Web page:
The opiate is more potent than ever, contributing to a surge in overdoses locally.
Heroin deaths in the Twin Cities skyrocketed last year as the drug grew more popular, potent and deadly.
Deaths caused by heroin overdoses in Hennepin, Ramsey and Anoka counties nearly tripled in 2011 compared to the year before, rising from 16 to 46. New test results showed that heroin purchased in the Twin Cities is 93.5 percent pure -- the highest potency in the nation.
"We don't want to see heroin claim more lives, and we don't want another year with huge numbers," Hennepin County Sheriff Rich Stanek said during a news conference Thursday afternoon. "From the information that we've seen so far this year, I'm not optimistic. So far in 2012, there are signs that the heroin problem is persisting, in fact, maybe even growing."
Will Connell, 21, knows all too well how easy it is to overdose on heroin.
"You don't know how strong it is until you get high," he said. "And then it can be too late. It's just one of the easier drugs to overdose on."
He and several of his friends have overdosed; some needed medical attention. "None of my friends died, but they came close," he said. "It's definitely a wakeup call."
Like many heroin users, Connell, who has been sober for 20 months, began with less powerful drugs. He started drinking when he was 13. But by the time he was 15, he was abusing prescription pills. "You could get the feeling of being drunk without having to drink. And you could take them in school and no one would know," said Connell, who grew up in Hastings and is a graduate and now a staff member of Minnesota Teen Challenge, a chemical addiction treatment program.
The prescription drugs made it easier to try cocaine and ecstasy, he said. Then he started on Oxycontin, which led to heroin because "it's easier to find, cheaper and more convenient," Connell said.
The key to attacking the problem lies in the home medicine cabinet, he said. "It all starts with people being more conscious about prescription pill abuse," Connell said.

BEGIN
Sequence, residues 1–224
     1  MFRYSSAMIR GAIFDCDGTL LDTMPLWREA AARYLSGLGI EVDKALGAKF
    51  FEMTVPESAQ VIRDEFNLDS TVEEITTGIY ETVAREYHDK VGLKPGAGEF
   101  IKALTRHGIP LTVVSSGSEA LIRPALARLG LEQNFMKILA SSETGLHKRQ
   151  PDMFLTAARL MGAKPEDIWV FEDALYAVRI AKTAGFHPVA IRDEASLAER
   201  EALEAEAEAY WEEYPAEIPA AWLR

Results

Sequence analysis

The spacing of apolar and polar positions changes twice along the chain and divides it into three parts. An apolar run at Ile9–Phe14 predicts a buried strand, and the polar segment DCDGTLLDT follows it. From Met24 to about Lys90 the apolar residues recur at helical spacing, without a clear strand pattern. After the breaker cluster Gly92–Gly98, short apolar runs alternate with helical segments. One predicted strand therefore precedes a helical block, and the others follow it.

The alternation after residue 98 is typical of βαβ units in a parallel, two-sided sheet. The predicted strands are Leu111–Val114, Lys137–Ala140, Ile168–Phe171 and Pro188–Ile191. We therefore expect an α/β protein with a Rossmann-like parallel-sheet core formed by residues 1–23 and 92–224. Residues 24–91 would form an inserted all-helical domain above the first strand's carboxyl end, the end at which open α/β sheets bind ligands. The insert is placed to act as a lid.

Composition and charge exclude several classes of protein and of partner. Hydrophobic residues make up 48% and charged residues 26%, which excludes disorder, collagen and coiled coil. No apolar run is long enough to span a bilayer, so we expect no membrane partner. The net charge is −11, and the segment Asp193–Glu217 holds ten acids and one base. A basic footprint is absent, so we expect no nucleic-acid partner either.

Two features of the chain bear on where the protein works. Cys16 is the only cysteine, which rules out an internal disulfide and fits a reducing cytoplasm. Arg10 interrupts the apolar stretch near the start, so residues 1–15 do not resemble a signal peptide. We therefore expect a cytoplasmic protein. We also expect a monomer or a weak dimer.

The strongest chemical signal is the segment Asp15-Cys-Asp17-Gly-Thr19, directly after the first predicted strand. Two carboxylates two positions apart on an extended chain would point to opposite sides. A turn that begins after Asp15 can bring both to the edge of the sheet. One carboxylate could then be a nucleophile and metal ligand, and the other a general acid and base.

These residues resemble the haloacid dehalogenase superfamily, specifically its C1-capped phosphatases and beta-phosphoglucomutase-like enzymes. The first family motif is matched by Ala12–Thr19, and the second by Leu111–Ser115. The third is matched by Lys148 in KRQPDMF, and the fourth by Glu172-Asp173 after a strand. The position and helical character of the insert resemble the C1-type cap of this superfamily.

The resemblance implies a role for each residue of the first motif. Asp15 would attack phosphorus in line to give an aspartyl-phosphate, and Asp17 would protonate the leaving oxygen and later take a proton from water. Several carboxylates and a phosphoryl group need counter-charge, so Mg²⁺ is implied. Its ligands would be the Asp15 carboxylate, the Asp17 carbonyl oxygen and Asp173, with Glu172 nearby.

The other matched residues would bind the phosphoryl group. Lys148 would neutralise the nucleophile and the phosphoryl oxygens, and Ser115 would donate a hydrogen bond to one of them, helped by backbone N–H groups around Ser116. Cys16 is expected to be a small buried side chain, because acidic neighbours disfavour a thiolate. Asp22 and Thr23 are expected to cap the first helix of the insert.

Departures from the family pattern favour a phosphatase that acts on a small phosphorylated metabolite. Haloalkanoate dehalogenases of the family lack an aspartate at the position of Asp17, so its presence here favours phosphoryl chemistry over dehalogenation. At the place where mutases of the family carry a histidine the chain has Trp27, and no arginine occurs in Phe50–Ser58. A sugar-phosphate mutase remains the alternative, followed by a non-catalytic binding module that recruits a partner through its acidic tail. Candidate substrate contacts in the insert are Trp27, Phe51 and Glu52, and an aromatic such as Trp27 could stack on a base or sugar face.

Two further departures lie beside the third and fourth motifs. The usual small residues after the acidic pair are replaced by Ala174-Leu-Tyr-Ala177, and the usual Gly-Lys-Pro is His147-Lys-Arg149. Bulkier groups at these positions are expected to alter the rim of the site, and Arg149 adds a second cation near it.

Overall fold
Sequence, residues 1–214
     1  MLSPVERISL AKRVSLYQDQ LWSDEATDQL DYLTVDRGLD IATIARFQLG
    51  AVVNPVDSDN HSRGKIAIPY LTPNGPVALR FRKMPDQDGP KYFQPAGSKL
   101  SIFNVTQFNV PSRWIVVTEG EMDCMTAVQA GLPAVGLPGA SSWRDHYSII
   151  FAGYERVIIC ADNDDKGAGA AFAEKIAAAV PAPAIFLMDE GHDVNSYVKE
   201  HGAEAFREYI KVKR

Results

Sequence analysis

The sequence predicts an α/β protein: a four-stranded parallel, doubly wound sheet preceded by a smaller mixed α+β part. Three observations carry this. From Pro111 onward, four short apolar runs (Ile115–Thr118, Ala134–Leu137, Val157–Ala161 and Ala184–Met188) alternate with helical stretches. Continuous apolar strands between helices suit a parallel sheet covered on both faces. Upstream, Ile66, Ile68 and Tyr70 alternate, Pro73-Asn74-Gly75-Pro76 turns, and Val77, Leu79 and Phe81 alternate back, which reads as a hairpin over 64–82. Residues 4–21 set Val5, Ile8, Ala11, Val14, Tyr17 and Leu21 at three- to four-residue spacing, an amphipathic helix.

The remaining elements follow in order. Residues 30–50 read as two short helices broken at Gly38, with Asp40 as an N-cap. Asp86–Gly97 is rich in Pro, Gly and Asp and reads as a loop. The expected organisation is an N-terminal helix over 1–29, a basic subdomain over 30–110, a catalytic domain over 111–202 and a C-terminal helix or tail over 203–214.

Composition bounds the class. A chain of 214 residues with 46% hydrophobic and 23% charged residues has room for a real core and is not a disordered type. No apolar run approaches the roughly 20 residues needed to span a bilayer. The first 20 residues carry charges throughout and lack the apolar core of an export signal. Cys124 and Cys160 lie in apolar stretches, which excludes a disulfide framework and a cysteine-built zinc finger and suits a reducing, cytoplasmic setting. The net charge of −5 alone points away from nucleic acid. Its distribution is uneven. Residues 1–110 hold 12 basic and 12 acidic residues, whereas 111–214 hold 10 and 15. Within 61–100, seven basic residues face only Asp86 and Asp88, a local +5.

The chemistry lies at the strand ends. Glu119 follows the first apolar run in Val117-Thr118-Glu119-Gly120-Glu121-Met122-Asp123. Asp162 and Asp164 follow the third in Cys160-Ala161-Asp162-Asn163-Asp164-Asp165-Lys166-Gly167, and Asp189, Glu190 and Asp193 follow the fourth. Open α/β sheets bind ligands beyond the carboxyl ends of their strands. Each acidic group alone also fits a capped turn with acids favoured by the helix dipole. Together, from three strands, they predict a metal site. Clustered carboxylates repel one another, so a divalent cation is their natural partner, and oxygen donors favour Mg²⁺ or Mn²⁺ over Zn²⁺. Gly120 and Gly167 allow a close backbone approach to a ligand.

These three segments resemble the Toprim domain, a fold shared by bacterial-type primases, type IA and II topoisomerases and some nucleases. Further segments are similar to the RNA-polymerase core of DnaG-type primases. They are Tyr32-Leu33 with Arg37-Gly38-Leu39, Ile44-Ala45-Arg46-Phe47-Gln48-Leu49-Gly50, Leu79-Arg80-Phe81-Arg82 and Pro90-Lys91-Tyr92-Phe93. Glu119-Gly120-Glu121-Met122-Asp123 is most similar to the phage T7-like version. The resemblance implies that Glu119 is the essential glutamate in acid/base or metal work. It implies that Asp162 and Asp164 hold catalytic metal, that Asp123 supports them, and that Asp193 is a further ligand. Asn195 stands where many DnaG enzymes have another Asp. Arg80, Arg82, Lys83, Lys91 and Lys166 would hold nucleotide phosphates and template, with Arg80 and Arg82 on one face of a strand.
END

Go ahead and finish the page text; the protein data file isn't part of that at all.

Stanek, along with Ramsey County Sheriff Matt Bostrom and Anoka County Sheriff James Stuart, sounded a similar note Thursday. The trio pleaded for parents, educators and the general public to be more aware of the dangers of heroin and other drugs.
Based on numbers for the first three months of the year, Hennepin County authorities are already on track to surpass the amount of heroin seized last year, Stanek said.
In Hennepin County alone, heroin-related deaths increased from eight in 2010 to 21 in 2011. In Ramsey County, heroin deaths quadrupled from three to a dozen over the same time frame. In Anoka County, nine people survived overdoses and five died in 2010, compared to 13 who died last year and 55 who survived.
An old problem returns
The drug, which police believe to be coming from Mexico and elsewhere, was a major problem a generation ago, Bostrom said.
"Those were some very difficult times. ... We don't want to go back there," Bostrom said.
In recent years, the drug has seen a resurgence in popularity in Minnesota. The high potency of the drug now means it is easier to accidentally overdose, authorities said.
It also can be less expensive than prescription painkillers such as Percocet, Vicodin and Oxycontin, which have been the target of pharmacy robberies in recent months.
An expanding problem
While heroin is usually injected, it can also be snorted or smoked, which are more popular methods among new users.
Although it isn't seen on the streets in the form of white powder (commonly referred to as "China White") as much as it used to be, it has been seized in other forms in the metro, including "Black Tar," golf-ball-size clumps or smaller pieces in candy-wrapper-type packages.
Suburbs have also seen increased heroin trafficking.
In 2011, Dakota County prosecuted 39 adult cases of heroin possession or distribution compared to 22 in 2009. Scott County prosecuted 37 in 2009, up from 10 in 2010.
Staff writer Mary Lynn Smith contributed to this report. Nicole Norfleet 612-673-4495 Twitter: @stribnorfleet